Linda Thomas, vice chair of the Local Government Association’s community wellbeing board, said councils had “done all they can to prioritise and protect” adult social care, but had struggled against a backdrop of cuts amid rising demand with the funding gap set to exceed £2bn by 2020.
“Unless immediate action is taken to tackle increasingly overstretched council budgets, the adult social care tipping point, which we and others have long warned about, will be breached, which will lead to a substantial increase in people’s care needs not being met and overspending by councils,” she said.
“A long-term solution that delivers genuinely new and sustainable funding for social care is desperately needed, otherwise councils risk not being able to fulfil their statutory duty under the Care Act,” said Ms Thomas.
“We are working on a joint health and social care workforce strategy”
She added: “This needs to be supported by a realistic workforce strategy which recognises and values the vital roles played by the frontline care workers, managers and nurses.”
The DHSC said it was well aware of the issues, including when it came to staffing shortages, and was working to address them.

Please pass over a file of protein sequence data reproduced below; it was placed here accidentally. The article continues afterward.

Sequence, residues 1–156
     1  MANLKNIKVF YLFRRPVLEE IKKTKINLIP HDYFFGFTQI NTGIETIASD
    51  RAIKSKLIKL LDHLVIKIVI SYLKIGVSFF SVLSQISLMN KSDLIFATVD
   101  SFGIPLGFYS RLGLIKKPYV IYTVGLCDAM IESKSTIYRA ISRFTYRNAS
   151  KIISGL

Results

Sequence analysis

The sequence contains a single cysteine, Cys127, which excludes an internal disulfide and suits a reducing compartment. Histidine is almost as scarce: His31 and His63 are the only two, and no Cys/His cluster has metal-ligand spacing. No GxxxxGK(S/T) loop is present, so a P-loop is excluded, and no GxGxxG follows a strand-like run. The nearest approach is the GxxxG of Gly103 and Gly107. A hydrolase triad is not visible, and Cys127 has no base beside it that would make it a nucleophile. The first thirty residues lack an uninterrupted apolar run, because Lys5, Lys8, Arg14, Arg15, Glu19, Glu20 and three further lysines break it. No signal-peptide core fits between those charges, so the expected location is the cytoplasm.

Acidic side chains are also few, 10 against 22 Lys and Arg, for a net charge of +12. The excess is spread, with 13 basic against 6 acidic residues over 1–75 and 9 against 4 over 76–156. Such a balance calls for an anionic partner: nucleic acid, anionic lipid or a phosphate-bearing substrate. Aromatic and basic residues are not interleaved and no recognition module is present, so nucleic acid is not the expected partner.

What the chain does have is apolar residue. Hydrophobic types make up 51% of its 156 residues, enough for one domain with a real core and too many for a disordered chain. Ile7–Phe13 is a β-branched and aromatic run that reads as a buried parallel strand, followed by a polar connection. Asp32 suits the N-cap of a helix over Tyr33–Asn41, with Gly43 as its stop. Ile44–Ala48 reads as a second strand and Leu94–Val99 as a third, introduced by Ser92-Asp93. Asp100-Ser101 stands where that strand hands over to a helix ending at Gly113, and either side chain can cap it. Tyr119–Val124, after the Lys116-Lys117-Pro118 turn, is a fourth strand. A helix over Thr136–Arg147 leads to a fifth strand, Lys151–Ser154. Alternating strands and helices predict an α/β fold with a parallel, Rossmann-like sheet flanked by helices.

“We know the social care system is under pressure — that’s why we’ve provided an extra £2bn funding to the sector and a further £150m for the next year, and will shortly outline the government’s plans to reform social care to ensure it is sustainable for the future,” said a spokeswoman.
“We are also working on a joint health and social care workforce strategy to ensure the system is able to meet the demands of our growing ageing population as well as looking at ways to promote social care as a career of choice and attract staff to the profession,” she said.
The department recently held a consultation on the adult social care workforce in partnership with Skills of Care and said responses from this would feed into the health and social care workforce strategy due out later this year as well as informing the green paper.